He’s a very intriguing safety prospect who combines insane size (for a safety), at 6-foot-3 and 215 pounds, with tremendous burst, decent instincts and the strong desire to remove ball from players on big hits.
Obviously, it’s going to be interesting to see how fast James runs. Given his size and elite performance in college, if he’s anywhere close to 4.45 seconds he’ll be a shoo-in as a top-15 player. He’ll also likely put up huge numbers in the vertical and broad jump, which never hurts defensive backs. Perhaps of more interest to those in the NFL will be dissecting how well James moves his feet and hips when it comes time to show off his skills on the field.
Ronald Jones II, running back, USC
There are some talent evaluators who believe Jones — not Barkley or Derrius Guice — will be the best running back to come out of this year’s draft class. I’m not among them, as I believe Barkley is in a class all by himself, but it’s not hard to see why they do. After all, this is a kid who racked up nearly 4,000 yards from scrimmage, along with 42 touchdowns, the past three years at USC.
The reason why Jones is going to be so much fun to watch at the combine is that, based on his tape, he’s incredibly fast. He has insanely quick feet, can hit top speed in a heartbeat, and he routinely left defenders in the dust during his days playing for the Trojans (like this).
So, if Jones runs one of the fastest 40 times, wows in the three-cone drill and showcases smooth routes and soft hands on the field, his stock could certainly get a boost.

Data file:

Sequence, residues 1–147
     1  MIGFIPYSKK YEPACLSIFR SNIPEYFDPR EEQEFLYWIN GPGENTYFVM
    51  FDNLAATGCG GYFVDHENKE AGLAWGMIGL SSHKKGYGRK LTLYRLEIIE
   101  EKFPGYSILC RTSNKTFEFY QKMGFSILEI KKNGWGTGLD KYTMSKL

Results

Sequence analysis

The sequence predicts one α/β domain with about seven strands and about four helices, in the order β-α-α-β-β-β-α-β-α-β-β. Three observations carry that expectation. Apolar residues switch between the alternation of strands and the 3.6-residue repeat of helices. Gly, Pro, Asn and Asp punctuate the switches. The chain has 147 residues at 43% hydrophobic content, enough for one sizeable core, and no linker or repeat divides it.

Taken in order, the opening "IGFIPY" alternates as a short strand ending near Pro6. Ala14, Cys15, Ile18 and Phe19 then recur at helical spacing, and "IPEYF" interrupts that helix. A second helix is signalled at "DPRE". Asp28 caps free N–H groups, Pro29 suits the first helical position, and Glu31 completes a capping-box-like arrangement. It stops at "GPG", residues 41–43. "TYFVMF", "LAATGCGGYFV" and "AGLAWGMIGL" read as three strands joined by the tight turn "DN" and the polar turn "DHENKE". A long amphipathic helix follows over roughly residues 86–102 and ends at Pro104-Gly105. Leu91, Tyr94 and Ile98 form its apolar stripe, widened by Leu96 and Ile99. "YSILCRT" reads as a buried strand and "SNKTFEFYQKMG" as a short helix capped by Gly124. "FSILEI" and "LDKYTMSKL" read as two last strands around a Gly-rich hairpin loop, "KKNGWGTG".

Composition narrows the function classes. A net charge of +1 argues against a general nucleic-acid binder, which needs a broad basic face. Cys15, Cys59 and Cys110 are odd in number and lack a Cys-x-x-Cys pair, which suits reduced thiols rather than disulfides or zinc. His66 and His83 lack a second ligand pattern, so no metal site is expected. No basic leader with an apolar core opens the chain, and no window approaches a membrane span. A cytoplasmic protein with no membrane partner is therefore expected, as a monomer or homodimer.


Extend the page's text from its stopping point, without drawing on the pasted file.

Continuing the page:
Donte Jackson, cornerback, LSU
We’ve talked quite a bit about speed already. But perhaps nobody in the upcoming combine can match this cornerback out of LSU. Jackson has already thrown down the gauntlet by saying he’s hoping to run faster than John Ross did last year when he broke the combine record (4.22 seconds).
It’s worth noting that it took nearly a decade for Chris Johnson’s combine record to fall. Yet every year people declared they’d be the one to break it. It’s not an easy thing to do — running that fast with that much pressure on your shoulders.
Perhaps Jackson is the man to do it. If he does, then there’s a chance Jackson can vault up into the bottom half of Round 1 this April when the draft kicks off at AT&T Stadium. He’s small in stature but has very smooth hips, and obviously he has the kind of speed that can make up for mistakes deep. He’s already a highly-valued prospect, despite his size, so a 40 time that even comes close to the record will only help him.
Lamar Jackson, quarterback, Louisville
Everyone wants to see what Jackson looks like compared to the other top passers in the draft. The biggie here is going to be in Jackson’s measurables. How tall is he, and how much does he weigh? Apparently, at least according to one Hall of Fame former NFL executive, he’s a kid who is too short and slight to be an NFL quarterback.
Of course, the big attraction for the masses will be seeing how fast Jackson can run. Though, if I were the one calling the shots I’d tell him NOT to run to prove a point that he’s much more than a guy who can blaze up the track.
Obviously, it’s very hard to make a huge impression throwing the ball at the combine, because you’re throwing to a bunch of guys you’ve never even seen before. Timing is an issue, and teams don’t typically place too much value on the on-field portion of the combine for quarterbacks unless it’s extremely negative. Given the fact that Jackson has been a very effective passer over the course of his career, we don’t see that happening.
Marcus Davenport, EDGE, UTSA
A huge draft riser, Davenport has been shooting up big boards ever since his remarkable Senior Bowl week. He was already considered to be a fringe first-rounder before that. But what he was able to consistently do against top-level competition that week really opened up some eyes nationally to his pro potential.